Dispatched to a one-story brick warehouse in flames on Baylis Street in Canton last month, firefighters did not know it contained 8,000 gallons of corrosive chemicals. But not because it wasn't known to the Baltimore City Fire Department.

Its hazardous materials permit database included the warehouse and chemicals, but is so arcane that it's impossible to point and click through it using a computer mouse.

The chemicals also were disclosed by the owner on an annual hazmat form required under a federal law inspired when a chemical gas leak killed 5,000 people in India in 1984.

But those sources aren't married with others that identify flagged buildings in the city's emergency dispatch system, called upon multiple times every day to send police, firefighters and ambulances to scenes of danger around the city. No single database contains a complete picture of all the information that might be relevant in emergency response, whether it's the presence of chemicals, a disabled person or a lack of exits, city fire officials said.

In the case of the Canton fire, that meant it took 11 minutes from the time the fire was reported to the time a hazmat unit was called to the scene. The fire caused no injuries, but environmental officials had to dilute runoff from the scene to protect neighbors, animals and the environment from caustic acids.

Fire and emergency management officials want to share more data and make it available to as soon as possible. They see a chance to do it in a planned upgrade of the city's dispatch system. But it will be difficult, they said, because of the city's tight budget. There isn't much left to invest in technology when money woes mean rotating fire company closures.

"There is absolutely the potential to get to that perfect world where the [dispatch system] is populated with useful information. The gap between here and there is money and resources," said Deputy Chief Raymond O'Brocki, Baltimore's fire marshal. "It sounds great to be able to do that, but then if you juxtapose that with the closing of fire houses, I think the average citizen would say, 'Keep my fire house open.'"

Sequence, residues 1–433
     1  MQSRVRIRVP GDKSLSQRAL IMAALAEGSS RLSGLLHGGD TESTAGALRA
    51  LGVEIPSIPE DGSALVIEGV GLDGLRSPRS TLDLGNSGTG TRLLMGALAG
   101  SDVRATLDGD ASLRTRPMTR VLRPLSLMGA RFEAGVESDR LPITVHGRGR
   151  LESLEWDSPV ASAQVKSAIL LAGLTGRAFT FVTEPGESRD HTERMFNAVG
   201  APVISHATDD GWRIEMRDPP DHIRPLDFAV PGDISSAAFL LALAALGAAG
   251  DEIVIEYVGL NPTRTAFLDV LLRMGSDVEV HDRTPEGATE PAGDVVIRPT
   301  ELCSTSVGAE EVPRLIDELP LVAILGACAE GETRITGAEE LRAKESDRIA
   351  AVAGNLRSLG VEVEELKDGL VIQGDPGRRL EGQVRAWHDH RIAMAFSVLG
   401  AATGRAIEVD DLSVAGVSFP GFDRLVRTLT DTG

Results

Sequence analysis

The fire broke out about 8:30 p.m. April 22 in the Canton shop of Eastern Plating Co. The company anodizes metals, a process that uses powerful acids to protect materials from rust or prepare them to be painted. The work requires mass quantities of sulfuric, chromic and nitric acids and sodium hydroxide, a powerful base.

It grew to a three-alarm blaze, and strong gusts that Sunday evening led firefighters to evacuate homes downwind along Toone Street. Days after the fire, the neighborhood of rowhouses was littered with ashes.

Neighbors said they were unaware of what went on in the warehouse. Its only windows to Baylis Street were painted onto the brick, and there was no signage alerting of dangerous chemicals inside.

Firefighters don't need to know immediately what hazards might be in a building, they said. They are trained to read fire conditions and respond. Firefighters also are trained not to blindly trust forms declaring what chemicals might be present in a burning building.

"First arriving units have to make very swift decisions on what to do," said Rick Hoffman, president of Local 734 of the International Association of Fire Fighters, the union representing Baltimore firefighters. "As we get information, maybe from passersby, the owner of the building or neighbors, we gain our own knowledge and then we start making better calls."

But having more information as early as possible can help inform how fires are fought, preventing environmental and health risks, and even deaths, firefighters said.

Increasingly, such information is being included in dispatches in fire departments across the country. Baltimore County's dispatch system alerts emergency workers of hazards not only in the buildings they are responding to, but any in nearby structures as well, spokeswoman Elise Armacost said. New York City has been praised for its technology, which is capable of processing information on 50,000 emergency calls per hour.

Baltimore lacks more advanced technology despite deadly and disruptive chemical-related fire emergencies in the past.

When a train derailed inside the Howard Street Tunnel downtown in 2001, a chemical called tripropylene burned for six days, while caustic hydrochloric acid leaked out of another freight tank. In 1998, five workers died at a chemical plant in Wagner's Point when aluminum inside a metal alloy reactor exploded, causing a massive blaze. Accumulated sugar dust inside machinery in the Domino Sugar plant in Locust Point cause an explosion at that facility in 2007.

Firefighters did not have immediate information on the chemicals in the Eastern Plating warehouse because, at first, the fire was reported in the 1000 block of Baylis Street, two blocks from its actual address at 1200 Baylis. But even if the address had been reported correctly, 1200 Baylis was not flagged for dangerous chemicals in the dispatch system, said Battallion Chief Patrick Walsh, who leads the departments communications and information technology division.

He could not say why the building wasn't flagged.

Sources used to flag buildings include phone calls or visits from concerned residents or business owners to their local fire hall, as well as reports from fire code enforcement inspectors, Walsh said. That type of information is added to the dispatch database on a daily basis, he said. But that doesn't cover all the information in the arcane fire code enforcement database, which isn't accessed as often, he said. Fire code inspections take place once a year, he said, and the Eastern Plating warehouse was inspected in February.